A Beit Midrash for Archaeology
At the end of June, six YU students, along with Dr. Jill Katz, clinical assistant professor of archaeology at Stern College for Women, headed to Israel to participate in the archaeological excavations at Tell es-Safi/Gath. For many, this would be a first: a chance to unearth the biblical past with an international team of archaeologists and student volunteers from the United States, Israel, the United Kingdom, Australia and beyond.
Perhaps no other Philistine city can be as closely associated with the earliest lore of the Israelite tribes as Tell es-Safi, identified as biblical Gath, the home of the giant Goliath. In operation for 22 years under the direction of Dr. Aren Maeir, professor of biblical and ancient near eastern archaeology at Bar-Ilan University, the Tell es-Safi/Gath dig has attracted Dr. Jill Katz and her adventurous and ever-changing crew of YU student volunteers for 15 of those years.
Back in 2004, Katz was looking for a new research project, one in which her students could participate. Goliath’s hometown provided the opportunity. “Archaeology remains very much a part of the Israeli national consciousness,” noted Dr. Katz. “In fact, archaeological digs in Israel, unlike other countries, always have a strong educational component. That means students, or other volunteers for that matter, do not need any experience to participate in one.”
At this summer’s dig, the YU contingent represented a variety of majors from mathematics to psychology. But that’s not to say inexperience or lack of subject matter knowledge didn’t provoke a few cases of beginner’s anxiety. “Some of the students were concerned about physically handling the artifacts we found each day,” said Dr. Katz. “They were nervous they might break something. But I would tell them not to worry, this stuff is already broken.”
Dig season for the YU crew ran from June 23 through July 19. The primary goal: to gain hands-on experience in the recovery and analysis of the site’s material remains and learn how archaeologists and historians use those finds to gain new insights into biblical history. “Usually we learn history as theoretical, but when we discover tangible evidence and clues to ancient daily life, it really makes history come alive,” said dig volunteer Shalva Eisenberg.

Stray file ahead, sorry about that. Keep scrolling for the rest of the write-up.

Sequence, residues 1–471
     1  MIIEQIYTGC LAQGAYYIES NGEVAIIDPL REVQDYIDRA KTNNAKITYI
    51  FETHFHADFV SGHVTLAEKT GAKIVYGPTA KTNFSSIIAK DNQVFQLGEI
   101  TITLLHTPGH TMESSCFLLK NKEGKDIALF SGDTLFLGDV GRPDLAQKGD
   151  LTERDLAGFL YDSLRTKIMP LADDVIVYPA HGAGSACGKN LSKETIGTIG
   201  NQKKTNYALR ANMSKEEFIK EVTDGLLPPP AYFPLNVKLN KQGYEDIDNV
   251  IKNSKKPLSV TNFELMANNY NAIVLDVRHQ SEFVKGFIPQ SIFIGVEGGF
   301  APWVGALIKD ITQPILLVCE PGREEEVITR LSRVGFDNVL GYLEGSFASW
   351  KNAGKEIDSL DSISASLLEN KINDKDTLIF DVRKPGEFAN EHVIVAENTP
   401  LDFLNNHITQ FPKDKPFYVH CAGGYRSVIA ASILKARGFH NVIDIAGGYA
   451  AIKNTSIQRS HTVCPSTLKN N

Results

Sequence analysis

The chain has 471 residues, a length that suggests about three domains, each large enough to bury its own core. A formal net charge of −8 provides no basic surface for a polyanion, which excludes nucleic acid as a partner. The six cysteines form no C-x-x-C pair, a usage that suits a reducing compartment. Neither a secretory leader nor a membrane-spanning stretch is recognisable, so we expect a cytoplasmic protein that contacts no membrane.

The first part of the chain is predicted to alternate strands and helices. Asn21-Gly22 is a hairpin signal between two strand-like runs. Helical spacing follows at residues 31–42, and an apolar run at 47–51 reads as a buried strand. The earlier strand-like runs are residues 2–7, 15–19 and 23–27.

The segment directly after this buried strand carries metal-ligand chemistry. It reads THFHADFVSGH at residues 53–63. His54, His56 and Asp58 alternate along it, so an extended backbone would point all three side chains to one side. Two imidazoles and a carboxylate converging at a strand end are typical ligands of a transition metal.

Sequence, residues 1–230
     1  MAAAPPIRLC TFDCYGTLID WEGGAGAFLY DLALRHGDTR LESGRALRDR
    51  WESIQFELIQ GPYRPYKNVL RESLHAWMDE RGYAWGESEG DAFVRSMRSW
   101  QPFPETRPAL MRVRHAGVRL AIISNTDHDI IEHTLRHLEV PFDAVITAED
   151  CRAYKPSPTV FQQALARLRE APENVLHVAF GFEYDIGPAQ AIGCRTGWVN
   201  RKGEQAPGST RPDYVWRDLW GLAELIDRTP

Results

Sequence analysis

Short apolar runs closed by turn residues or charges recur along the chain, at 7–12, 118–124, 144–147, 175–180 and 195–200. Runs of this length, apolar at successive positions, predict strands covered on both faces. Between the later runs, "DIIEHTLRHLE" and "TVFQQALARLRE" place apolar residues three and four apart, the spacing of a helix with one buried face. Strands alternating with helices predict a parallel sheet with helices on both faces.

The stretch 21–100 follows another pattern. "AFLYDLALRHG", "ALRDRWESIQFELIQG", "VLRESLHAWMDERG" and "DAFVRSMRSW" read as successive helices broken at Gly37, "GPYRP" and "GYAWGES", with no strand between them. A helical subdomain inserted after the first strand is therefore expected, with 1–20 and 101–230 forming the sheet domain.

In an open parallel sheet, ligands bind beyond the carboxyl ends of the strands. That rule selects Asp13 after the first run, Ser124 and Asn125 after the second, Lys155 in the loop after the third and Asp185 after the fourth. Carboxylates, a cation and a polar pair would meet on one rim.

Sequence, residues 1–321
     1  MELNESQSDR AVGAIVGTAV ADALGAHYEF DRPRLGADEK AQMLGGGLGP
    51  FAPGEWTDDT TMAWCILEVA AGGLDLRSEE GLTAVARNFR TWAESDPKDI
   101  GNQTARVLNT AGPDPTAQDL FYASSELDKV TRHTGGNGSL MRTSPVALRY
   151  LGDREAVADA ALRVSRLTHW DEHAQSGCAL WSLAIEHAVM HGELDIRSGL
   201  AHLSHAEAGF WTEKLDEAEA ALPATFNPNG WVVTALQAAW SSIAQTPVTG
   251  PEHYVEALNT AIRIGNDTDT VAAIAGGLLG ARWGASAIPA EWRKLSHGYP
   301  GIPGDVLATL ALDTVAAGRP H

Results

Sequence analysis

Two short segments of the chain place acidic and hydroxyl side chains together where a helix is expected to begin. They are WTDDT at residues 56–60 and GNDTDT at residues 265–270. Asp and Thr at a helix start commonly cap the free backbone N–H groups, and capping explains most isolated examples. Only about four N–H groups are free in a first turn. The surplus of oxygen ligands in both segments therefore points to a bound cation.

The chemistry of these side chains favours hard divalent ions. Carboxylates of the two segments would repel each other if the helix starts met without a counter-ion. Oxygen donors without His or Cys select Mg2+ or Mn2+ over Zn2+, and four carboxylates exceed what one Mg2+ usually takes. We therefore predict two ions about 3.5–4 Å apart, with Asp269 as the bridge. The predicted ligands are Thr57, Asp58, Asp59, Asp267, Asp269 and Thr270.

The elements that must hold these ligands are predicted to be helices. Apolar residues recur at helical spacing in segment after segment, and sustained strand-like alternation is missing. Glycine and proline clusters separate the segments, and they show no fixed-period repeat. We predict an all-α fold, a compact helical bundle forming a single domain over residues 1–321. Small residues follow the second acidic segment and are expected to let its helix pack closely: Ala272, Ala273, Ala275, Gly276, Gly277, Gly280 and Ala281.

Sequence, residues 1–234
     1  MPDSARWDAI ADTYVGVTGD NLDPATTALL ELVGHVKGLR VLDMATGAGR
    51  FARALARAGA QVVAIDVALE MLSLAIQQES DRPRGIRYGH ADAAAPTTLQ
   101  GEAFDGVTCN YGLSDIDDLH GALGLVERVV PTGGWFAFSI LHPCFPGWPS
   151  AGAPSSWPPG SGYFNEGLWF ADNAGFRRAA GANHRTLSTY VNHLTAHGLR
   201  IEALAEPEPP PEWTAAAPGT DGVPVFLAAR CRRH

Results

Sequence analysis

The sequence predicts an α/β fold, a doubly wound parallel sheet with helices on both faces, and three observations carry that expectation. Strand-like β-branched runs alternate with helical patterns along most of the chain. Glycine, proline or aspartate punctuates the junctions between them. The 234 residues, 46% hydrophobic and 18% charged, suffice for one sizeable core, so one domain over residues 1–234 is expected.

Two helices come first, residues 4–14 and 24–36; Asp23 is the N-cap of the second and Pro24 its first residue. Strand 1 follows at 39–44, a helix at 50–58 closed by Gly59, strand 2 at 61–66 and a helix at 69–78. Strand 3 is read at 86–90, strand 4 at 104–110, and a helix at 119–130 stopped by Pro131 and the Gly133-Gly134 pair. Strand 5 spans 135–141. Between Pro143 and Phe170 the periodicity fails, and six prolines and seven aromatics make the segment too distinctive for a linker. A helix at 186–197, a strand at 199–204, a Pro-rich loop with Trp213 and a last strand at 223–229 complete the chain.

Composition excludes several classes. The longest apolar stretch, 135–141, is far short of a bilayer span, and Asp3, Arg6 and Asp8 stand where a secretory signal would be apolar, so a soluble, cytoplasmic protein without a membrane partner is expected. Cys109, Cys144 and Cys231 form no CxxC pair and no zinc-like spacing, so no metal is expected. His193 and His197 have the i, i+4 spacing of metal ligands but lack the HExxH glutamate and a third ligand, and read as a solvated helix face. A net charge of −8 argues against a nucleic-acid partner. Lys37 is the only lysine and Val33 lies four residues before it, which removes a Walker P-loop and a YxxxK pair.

Hewing to a rigorous work schedule, students participated in all aspects of the excavation process: digging, sifting, washing, sorting and analysis. With pickaxes in hand, they arrived at the site at 5:30 each morning. Digging concluded at 1:00, followed by lunch and a three-hour lab session in which pottery sherds and bones were washed and identified. Research was augmented by afternoon field trips and evening lectures.
Dr. Katz feels that some of the most important takeaways for her band of student volunteers were the lessons learned in teamwork and attentiveness to detail. “Every summer, I see students gain an increased respect for pulling together as a team. Digs are labor-intensive activities, and there’s always work that needs to get done and it’s often not glamorous. But students learn to step up to get the job finished.”
It was a sentiment echoed by student volunteer Channah Klapper. “I wasn’t sure what to expect from my first archaeological dig. But one of the things I loved about Tell es-Safi/Gath was the environment it created. Students bonded not just with their peers but with professors and the site’s supervisors. It was awesome to share an experience like this with a diverse group of people from all over the world.”
Editor’s note: YU’s participation in the 2019 dig at Tell es-Safi/Gath was sponsored by a grant from the Leon Charney Legacy Fund of the Yeshiva University Center for Israel Studies.
On November 17, 2019, the Center for Israel Studies, Bernard Revel Graduate School and the Yeshiva University Museum will co-present the “International Conference on the Philistines,” organized by Dr. Jill Katz and Dr. Steven Fine, the Dean Pinkhos Churgin professor of Jewish history and founding director of the Center for Israel Studies.